May 28, 2011

Now’s the time: Award and endowment hail Dr. Wagner’s lifework

This week, Group Health Research Institute (GHRI) applauds two remarkable honors for Dr. Ed Wagner, our Institute’s founding director (1983–1998) who now heads GHRI’s MacColl Institute for Healthcare Innovation.

  • Ed was chosen to receive the 2011 William B. Graham Prize, the highest national recognition for health services researchers. (Among previous winners are Princeton’s Uwe Reinhardt, Dartmouth’s John Wennberg, Stanford’s Alain Enthoven, University of British Columbia’s Bob Evans, and Don Berwick, founder of the Institute for Health Improvement and acting leader of the Center for Medicare and Medicaid Services.)
  • The Group Health Foundation and GHRI launched the Ed Wagner Endowment for Health Care Transformation. The fund will support translation of GHRI research into everyday practice, initially emphasizing projects supporting “safety-net” providers—caring for the poor and uninsured.

This recognition for Ed and his work—particularly development and dissemination of the Chronic Care Model (CCM) and the research that supports it—couldn’t be timelier. Medical advances now let populations live longer. Rather than dying early from acute infectious diseases, heart disease, or cancer, more people survive to old age. That’s a triumph, but what remains is the need for chronic illness care. About half of Americans over 65, our population’s fastest-growing segment, have at least two chronic conditions, like diabetes, arthritis, depression, or dementia. Today’s challenge is that our health care system seems best suited to care for acute or episodic illness and not the care of people with chronic diseases. So treatment for ongoing conditions is often fragmented, inefficient, and costlier than necessary.

Ed and his colleagues began research that ultimately led to developing the Chronic Care Model at Group Health in the early 1990s. Early studies into care for frail seniors and for patients with diabetes and other chronic conditions was formative. Then, in 1999, Ed received a large grant from the Robert Wood Johnson Foundation to begin a program known as “Improving Chronic Illness Care.” The goal was to refine and disseminate the CCM to health care organizations nationwide. Now the CCM is recognized globally as the premier design principle for chronic care.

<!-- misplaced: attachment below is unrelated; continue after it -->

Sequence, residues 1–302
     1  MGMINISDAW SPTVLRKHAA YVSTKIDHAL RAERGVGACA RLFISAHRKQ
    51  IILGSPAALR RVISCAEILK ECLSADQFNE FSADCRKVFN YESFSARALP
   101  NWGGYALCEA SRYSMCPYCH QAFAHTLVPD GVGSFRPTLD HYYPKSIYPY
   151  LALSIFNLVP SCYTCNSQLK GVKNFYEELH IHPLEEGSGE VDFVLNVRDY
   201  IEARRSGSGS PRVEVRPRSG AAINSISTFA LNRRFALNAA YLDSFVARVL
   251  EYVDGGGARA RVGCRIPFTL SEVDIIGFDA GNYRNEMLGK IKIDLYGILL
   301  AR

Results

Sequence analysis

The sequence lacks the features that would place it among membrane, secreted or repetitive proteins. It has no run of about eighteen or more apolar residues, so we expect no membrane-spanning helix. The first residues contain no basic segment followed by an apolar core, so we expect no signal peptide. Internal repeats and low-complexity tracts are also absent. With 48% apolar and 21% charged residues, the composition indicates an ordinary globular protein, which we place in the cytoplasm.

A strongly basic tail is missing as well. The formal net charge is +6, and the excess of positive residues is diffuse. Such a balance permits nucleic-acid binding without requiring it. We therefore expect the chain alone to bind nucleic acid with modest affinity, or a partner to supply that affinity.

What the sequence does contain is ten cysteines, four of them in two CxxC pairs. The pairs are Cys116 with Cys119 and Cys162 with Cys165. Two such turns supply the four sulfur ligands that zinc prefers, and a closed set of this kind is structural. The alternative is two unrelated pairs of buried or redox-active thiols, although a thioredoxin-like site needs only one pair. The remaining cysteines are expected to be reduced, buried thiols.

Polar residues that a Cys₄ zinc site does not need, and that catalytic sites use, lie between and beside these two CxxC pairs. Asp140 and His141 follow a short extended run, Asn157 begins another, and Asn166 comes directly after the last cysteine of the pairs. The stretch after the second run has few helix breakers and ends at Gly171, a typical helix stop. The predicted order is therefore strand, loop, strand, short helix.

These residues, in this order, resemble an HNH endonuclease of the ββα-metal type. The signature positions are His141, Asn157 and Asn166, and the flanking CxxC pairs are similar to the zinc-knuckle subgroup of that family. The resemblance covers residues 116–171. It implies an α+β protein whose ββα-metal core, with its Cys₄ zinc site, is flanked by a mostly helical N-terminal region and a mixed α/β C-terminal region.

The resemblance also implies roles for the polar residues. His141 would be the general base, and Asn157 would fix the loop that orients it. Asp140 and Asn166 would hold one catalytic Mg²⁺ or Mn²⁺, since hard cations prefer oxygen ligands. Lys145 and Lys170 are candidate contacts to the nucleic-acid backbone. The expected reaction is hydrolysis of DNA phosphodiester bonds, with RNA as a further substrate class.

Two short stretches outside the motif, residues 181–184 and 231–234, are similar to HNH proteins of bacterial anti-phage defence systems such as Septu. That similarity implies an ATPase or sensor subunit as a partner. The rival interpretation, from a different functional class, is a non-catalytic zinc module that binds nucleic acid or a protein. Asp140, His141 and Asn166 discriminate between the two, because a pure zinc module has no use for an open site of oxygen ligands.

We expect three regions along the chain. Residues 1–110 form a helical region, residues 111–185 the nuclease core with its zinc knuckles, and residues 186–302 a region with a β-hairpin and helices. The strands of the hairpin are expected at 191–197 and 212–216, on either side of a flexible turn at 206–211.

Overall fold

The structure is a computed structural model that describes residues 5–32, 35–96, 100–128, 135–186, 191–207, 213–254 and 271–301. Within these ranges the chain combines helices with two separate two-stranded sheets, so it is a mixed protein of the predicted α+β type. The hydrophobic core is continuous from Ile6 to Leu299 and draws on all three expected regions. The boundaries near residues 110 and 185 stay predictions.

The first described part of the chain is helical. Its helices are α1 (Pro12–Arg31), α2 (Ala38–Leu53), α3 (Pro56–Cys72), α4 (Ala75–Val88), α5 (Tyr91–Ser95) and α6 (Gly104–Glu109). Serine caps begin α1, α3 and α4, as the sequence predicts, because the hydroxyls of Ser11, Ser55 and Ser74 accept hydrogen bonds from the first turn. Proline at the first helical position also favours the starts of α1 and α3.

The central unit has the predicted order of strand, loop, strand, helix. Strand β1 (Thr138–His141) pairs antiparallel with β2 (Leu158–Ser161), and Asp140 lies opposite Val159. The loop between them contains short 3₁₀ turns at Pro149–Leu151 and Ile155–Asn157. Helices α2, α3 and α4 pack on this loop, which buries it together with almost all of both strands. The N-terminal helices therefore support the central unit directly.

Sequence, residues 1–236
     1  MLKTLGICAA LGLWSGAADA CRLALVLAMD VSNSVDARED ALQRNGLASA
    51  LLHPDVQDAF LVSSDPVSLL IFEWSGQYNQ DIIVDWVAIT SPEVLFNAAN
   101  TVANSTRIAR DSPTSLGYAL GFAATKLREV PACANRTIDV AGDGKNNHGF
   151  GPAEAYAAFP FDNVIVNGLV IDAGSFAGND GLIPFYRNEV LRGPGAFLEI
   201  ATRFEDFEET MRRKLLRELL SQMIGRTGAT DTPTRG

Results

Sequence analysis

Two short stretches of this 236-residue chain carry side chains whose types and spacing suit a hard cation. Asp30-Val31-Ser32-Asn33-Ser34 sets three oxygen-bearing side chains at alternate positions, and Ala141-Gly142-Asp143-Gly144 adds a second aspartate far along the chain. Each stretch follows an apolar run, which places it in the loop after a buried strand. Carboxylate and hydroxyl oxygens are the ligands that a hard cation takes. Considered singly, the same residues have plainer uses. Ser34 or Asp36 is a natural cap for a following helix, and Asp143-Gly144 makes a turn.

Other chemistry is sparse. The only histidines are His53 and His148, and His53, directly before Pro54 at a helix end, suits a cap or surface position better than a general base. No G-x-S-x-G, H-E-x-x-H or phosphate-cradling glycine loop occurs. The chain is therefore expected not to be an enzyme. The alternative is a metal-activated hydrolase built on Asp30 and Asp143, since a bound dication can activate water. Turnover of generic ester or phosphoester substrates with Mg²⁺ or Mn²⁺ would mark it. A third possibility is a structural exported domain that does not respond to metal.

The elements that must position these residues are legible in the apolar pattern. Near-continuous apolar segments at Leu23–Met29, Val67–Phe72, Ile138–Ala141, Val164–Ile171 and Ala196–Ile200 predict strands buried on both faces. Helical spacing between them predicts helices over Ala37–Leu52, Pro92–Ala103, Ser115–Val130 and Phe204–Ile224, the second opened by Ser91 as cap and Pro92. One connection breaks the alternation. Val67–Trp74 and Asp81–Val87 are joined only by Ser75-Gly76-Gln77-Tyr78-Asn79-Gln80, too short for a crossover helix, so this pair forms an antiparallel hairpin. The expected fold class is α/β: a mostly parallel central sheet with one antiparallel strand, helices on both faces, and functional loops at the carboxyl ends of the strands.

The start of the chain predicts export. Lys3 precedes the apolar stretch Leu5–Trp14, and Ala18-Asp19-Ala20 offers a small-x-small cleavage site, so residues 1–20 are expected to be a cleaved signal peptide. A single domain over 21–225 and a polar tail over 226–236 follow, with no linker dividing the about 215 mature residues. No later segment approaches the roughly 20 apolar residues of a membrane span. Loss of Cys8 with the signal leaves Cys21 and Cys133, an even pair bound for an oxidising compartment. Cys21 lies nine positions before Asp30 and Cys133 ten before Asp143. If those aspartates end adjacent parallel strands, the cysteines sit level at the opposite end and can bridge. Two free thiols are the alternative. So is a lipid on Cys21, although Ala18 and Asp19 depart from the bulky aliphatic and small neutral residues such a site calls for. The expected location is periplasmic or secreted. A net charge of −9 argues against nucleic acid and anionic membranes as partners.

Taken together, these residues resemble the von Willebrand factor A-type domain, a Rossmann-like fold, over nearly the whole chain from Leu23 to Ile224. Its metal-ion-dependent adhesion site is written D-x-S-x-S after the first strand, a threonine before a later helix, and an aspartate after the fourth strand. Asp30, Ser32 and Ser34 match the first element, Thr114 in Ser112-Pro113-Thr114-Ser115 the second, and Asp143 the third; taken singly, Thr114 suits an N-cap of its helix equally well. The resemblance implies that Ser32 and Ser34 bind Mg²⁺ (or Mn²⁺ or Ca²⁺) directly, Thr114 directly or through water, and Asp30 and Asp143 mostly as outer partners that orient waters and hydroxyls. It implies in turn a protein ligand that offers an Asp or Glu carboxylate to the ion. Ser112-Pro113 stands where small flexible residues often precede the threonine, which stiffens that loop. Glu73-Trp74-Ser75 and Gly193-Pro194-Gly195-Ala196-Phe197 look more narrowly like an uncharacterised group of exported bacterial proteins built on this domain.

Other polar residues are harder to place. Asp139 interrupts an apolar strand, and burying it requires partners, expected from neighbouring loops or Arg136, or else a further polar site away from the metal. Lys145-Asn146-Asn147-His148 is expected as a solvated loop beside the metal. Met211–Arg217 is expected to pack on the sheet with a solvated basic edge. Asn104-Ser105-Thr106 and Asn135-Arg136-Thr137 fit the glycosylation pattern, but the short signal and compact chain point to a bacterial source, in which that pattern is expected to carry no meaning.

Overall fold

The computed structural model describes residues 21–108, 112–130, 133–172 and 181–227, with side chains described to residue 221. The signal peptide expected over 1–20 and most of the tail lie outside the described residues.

The CCM is also the cornerstone of the patient-centered medical home, a redesign of primary care that integrates patients as active participants in their own health and provides care that is accessible, continuous, coordinated, and comprehensive. The CCM and the medical home are part of The Affordable Care Act, and both Democratic and Republican proposals would harness them to streamline Medicare.

Meanwhile, Ed and his team at MacColl are improving primary care for Medicaid populations nationwide. In the Commonwealth Fund-sponsored Safety Net Medical Home Initiative, MacColl and Qualis Health are helping 65 practices that serve the poor and uninsured set up medical homes and develop sustainable funding.

We established the Ed Wagner Endowment to support more of the kind of critical work that defines Ed’s career. Believers in Group Health’s capacity to foster innovation through research can contribute to the fund to give back to the organization while strengthening our communities and helping those most in need.

It’s also a way to honor a great colleague and mentor. No one can count how many lives Ed’s research has touched. And as GHRI’s founding director and University of Washington Professor of Health Services, Ed has encouraged many young health scientists who went on to build their own influential research programs.

Through his leadership as a founder of the HMO Research Network and the Cancer Research Network, Ed has helped establish a highly valued nationwide platform for pragmatic research based in the “real world” of integrated health systems.

Through his scholarship with the Institute of Medicine, he contributed to its 2000 landmark report, “Crossing the Quality Chasm,” and helped document the problems of our nation’s broken system of health care financing.

A few months ago, Ed announced his plans to step down as director of the MacColl Institute, preparing the way for the next generation of leadership. Luckily for all of us, he will continue his research as senior scientist at MacColl.

Now, as “everything’s comin’ up Wagner,” please join me—and countless enthusiasts—in honoring him and his transformational approach to American health care.

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